Lately, I’ve been thinking a lot about the kind of advice that I would give high school graduates. Two children that I watched grow up are going to graduate this coming May. What could I possibly tell them that would be of use in their life? I’ll be exploring this off and on over the coming year, but here are some initial thoughts in that direction.
Recently, I was listening to a story on National Public Radio (the August 3, 2009 episode of Marketplace, listened to a few days later as a podcast) about how twentysomethings were spending money as though it were 2007. One person who spoke during the report said, “We’re young… I’m going to buy what I want now and worry about it later.”
On one level, I think that’s a good thing. If you’re single or married without children, you should by all means spread your wings a little and try things that would be impossible with children. Five or ten years ago, I could have just hopped on a plane and went to another country for a week with little crisis; now, it’s just not happening.
There’s a problem with this, though. Quite often, that freedom is transformed into a drive to buy, buy, buy. The latest gadgets, the latest clothes, the latest media – it’s all just stuff. It provides a quick thrill when you buy it, often fueled by a lot of careful marketing that tells you that you’re supposed to feel good when you buy it, but then it winds up gathering dust in the corner.
Most of my twenties was filled with just that. Sure, I went on several great trips during that decade. I visited London, Edinburgh, Inverness, rural Mexico, and British Columbia within a single year early in the decade, and I’ve been to almost every state in the United States over the last seven years or so. All of those trips and experiences have left lasting memories with me and transformed my life in some way.
On the other hand, I reached a point when I was twenty seven where I looked around my apartment and saw a lot of stuff that I didn’t use. DVDs that had gathered dust. Piles of video games that hadn’t been touched in months. Trading cards, CDs, computer software, gadgets of all sorts, bookshelves full of books – and I rarely used any of it.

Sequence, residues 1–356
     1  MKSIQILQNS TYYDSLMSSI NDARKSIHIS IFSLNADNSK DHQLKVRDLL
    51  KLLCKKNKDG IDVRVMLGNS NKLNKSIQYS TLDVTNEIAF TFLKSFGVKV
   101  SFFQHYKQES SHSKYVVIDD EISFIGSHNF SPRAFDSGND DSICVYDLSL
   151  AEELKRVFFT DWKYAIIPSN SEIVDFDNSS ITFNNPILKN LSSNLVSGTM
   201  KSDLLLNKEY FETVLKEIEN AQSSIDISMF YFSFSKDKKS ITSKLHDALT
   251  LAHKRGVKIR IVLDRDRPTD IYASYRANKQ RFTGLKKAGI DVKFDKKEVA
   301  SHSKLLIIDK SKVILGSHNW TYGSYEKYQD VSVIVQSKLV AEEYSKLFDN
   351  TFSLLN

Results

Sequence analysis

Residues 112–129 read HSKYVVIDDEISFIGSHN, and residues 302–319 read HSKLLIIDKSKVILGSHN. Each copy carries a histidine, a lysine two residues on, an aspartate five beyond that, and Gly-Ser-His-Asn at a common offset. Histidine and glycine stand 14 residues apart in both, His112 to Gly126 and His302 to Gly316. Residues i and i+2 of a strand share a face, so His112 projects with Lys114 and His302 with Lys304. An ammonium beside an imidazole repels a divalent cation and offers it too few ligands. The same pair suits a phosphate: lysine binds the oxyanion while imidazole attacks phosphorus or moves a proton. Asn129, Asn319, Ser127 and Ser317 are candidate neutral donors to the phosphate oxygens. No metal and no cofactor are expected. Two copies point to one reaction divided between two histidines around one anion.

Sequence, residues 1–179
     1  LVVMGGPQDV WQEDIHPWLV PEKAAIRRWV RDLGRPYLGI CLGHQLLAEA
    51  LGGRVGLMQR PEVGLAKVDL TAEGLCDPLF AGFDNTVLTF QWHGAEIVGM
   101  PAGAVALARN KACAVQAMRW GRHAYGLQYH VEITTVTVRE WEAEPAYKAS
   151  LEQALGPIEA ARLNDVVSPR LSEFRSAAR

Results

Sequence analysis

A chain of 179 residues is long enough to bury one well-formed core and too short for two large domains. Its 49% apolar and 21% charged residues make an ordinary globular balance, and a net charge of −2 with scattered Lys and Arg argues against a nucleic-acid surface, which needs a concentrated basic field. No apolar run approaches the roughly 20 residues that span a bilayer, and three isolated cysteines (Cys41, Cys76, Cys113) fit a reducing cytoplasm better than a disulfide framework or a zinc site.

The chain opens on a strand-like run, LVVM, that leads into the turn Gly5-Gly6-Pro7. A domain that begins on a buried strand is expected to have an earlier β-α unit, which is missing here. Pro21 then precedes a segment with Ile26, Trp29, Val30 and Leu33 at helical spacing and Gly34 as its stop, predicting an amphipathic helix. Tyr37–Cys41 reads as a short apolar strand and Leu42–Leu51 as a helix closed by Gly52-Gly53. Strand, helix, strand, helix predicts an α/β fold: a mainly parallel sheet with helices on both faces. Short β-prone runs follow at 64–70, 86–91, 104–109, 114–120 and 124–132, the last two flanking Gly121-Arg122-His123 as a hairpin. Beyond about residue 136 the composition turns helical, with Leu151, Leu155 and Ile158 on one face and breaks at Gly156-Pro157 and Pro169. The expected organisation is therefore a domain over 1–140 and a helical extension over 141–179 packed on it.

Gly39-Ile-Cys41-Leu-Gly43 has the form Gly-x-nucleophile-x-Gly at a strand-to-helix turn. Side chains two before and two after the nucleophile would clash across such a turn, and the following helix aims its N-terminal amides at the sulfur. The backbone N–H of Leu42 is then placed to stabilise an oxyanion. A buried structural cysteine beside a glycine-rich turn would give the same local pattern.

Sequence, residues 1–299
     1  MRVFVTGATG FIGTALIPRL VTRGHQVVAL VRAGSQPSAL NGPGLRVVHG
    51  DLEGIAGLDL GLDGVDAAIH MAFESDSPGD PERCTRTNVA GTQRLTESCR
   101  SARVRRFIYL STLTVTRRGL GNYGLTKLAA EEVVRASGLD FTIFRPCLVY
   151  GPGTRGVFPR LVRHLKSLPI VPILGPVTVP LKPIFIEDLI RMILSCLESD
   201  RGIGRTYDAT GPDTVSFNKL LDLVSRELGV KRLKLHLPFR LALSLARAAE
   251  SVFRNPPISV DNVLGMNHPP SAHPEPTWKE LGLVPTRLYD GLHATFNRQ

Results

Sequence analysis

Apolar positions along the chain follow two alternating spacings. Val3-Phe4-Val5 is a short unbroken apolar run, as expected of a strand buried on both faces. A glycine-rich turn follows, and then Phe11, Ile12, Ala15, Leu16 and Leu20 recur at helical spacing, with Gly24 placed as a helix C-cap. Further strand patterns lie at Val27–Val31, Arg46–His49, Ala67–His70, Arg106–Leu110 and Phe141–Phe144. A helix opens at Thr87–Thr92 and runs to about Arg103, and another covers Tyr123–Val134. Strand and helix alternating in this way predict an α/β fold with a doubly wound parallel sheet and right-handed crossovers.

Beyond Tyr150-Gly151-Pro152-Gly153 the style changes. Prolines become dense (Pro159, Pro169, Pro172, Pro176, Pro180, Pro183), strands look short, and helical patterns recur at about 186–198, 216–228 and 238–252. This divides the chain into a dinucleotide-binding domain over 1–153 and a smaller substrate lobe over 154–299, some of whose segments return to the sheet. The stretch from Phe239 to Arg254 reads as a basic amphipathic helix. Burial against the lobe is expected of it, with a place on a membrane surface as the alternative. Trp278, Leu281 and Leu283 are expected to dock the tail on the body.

The worst part? I was in a desperate debt situation, one that could have really easily been avoided. It’s a situation with consequences that still have a negative impact on my life and will for a long time.
How could this have easily been avoided? I could have stepped back, looked at my life, and realized that the stuff wasn’t fulfilling me. I was seeking experiences and a deeper understanding of who I am and what really mattered to me. More stuff didn’t do that at all.
Let’s see if I can clear it up. Watching a film is an experience. Owning a DVD is accumulation of stuff. Going to a concert is an experience. Owning a pile of CDs is accumulation of stuff. Playing through a great video game is an experience. Accumulating a big pile of such games is just stuff. Traveling to rural France is an experience. Buying $500 worth of French cookware that you’ll barely use is accumulation of stuff.
The solution is simple, especially when you’re young and have the freedom and energy to easily go out and explore the world: load up your twenties with experiences, not stuff. Explore the world and figure out who you are and what you want from life. Minimize the items you have, maximize your experiences, and do it without sacrificing your future.
That’s right, without sacrificing your future. How? If you don’t accumulate a bunch of stuff, you’ll not be spending a big chunk of your money on things. You can also live in a much smaller home, drastically reducing your housing costs. That excess money can be used to make sure you’re not spending more than you earn – and it can also be used to have a lot of great experiences along the way.
So, how about instead of buying a BluRay player and a pile of discs, go out to a couple of movies? How about instead of buying a $500 phone and a $2,000 laptop, just use a freebie phone and a netbook … and take a trip to France that you’ll never forget?
Sure, eventually your life will change. You might wind up married. You might have a job that keeps you in one place. You might have children (which can be the death knell for impromptu experiences). You might get older, have less energy, and so on. When that happens, sure, start accumulating (within reason). A home theater setup is great if you can’t go out to the movies once a week. A killer computer setup is well worth it if you’re driving a career with it. $1,000 worth of kitchen implements is fine if you’re preparing a great dinner at home every single night and not going out.
Until then, take advantage of your youth. Have some great experiences and hold off on the stuff. Let your bank account grow a little bit or at least stay steady. What you’ll find is that, by not sacrificing your future now for stuff that’s not really important for living a free life, you’ll have a great future a little bit later on when the rules of your life change.